You gotta pity the poor souls who lived next door to guys like Hugh B. Cave. Typewriter keys hammering away around the clock, nonstop, for days on end, the sound often banging through cheap, paper-thin walls.
If you were creating a mood with someone from the fairer sex, then you might want to break a finger or two of the writer, and if you were nursing a hang-over, then no court in the land would call it homicide. Still the typing never stopped. It couldn’t. These guys made their living at two cents a word!
The golden age of pulp magazines were the twenties and the thirties, when the industrial revolution was in full throttle and literacy was at an all-time high in the US. Before World War II, and before television, the average Joe was hungry for things to read.
Multiple editions of newspapers were the norm, and breaking news called for special editions. Paper, especially cheap pulped paper, was plentiful, and speculative fiction was everywhere, even in big-named magazines like Ladies Home Journal and the Saturday Evening Post.
The real bread-and-butter for mystery and suspense stories, however, were the pulps, and this was where the writers of the day learned their stock in trade.
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Copperopolis resident and make believe detective Steven Gomez will be at Angel Camp Mercantile on Sunday, June 17th from 1-3PM reading from his new book, Taco Noir, Tales of Culinary Crime.
Steve will be presenting a mixed-media reading, signing copies of his book, and hosting a question-and-answer session.
Join Angels Camp Mercantile for this unique Father’s Day event. Dad will also get a free scoop of ice cream!
No fatalities reported
The sounds of a deliberate jazz baseline heralded in the first of a series of literary offenses to be perpetrated by the make-believe detective agency known as the Noir Factory. A small but cozy mob welcomed mystery writer and Chief Investigator Steven Gomez. As he took the stage, Gomez welcomed his accomplices to the scene as they enjoyed microbrew pilsners and Black Sheep Zinfandel.
As the dedicated crew at Alchemy served up sinfully rich Crab Macaroni and Cheese, crispy fried Calamari, and fresh Prawns, the scribe from the Noir Factory unfolded the Case of the Awkward High Note from the debut of Taco Noir, Tales of Culinary Crime.
After the reading, guests were treated to the first Taco Noir raffle, with the grand prize, a reproduction of the Maltese Falcon, going to a longtime supporter and friend of the agency. Reports of any curse on the statue have not been substantiated.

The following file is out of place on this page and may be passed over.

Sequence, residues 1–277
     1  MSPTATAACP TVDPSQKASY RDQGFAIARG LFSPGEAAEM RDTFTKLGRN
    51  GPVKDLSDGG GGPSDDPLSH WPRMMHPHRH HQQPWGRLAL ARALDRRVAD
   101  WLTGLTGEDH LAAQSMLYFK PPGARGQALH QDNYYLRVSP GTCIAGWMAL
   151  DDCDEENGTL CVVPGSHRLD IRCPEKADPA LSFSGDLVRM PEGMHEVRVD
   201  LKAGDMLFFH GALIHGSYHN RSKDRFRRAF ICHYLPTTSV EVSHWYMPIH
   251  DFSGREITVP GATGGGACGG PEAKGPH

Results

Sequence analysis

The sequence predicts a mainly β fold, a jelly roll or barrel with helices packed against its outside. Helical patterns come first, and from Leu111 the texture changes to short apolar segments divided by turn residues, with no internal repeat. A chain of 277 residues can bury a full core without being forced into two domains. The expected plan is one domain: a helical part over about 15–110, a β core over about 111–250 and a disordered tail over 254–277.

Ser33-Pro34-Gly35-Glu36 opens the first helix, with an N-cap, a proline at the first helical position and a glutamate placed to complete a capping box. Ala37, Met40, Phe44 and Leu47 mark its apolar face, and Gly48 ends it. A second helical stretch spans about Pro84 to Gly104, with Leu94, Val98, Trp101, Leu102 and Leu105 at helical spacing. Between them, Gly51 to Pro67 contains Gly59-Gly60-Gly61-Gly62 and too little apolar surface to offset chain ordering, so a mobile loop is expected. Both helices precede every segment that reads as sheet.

The evening concluded with a screening of The Gorilla, a classic comedy who-done-it featuring Bela Lugosi, the Ritz Brothers, and a gorilla suit. The movie, a power-house in its day, is considered by the Noir Factory to be the “Citizen Kane” of gorilla suit comedy who-done-its.
Gomez thanked his guests as they left, shutting down the café as they did so. As the last of his accomplices left the building, the staff locked up and began to count the silverware. As the agency loaded up their wagon and moved back to HQ, Gomez remarked that it they had indeed not seen the last of him.
(Destroy this post if arrested)
In today’s guest post over at Renee Pawlish’s blog “To Become a Writer,” the Chief Investigator discusses ways to spread around the Noir darkness outside the office.
For the Factory, it involves getting out and visiting friends in low places, but for other writers, it is partnering with nice people in cool places doing things that they really like to do. While you are visiting her blog, look at some of Renee’s other posts for her thoughts on writing, artists, and all things noir.
(Destroy this post if arrested.)
Taco Noir is now for sale as a Kindle Edition for your digital pleasure! If you have an Amazon Prime account, you can “borrow” the book from Amazon for no cost whatsoever. Free. Gratis.
A great deal at three times the price… uh… (carry the two… uh)
You can also find the books in the Murphys area in good-old-fashioned, low-tech print version at The Spice Tin and at Sustenance Books starting next week.
And for a signed edition, a separate e-Book novella, and an evening of Private Eye-like goodness, check out the Noir Factory’s first Speakeasy event on June 7th at Alchemy Café in Murphys.
(If arrested, please destroy this post.)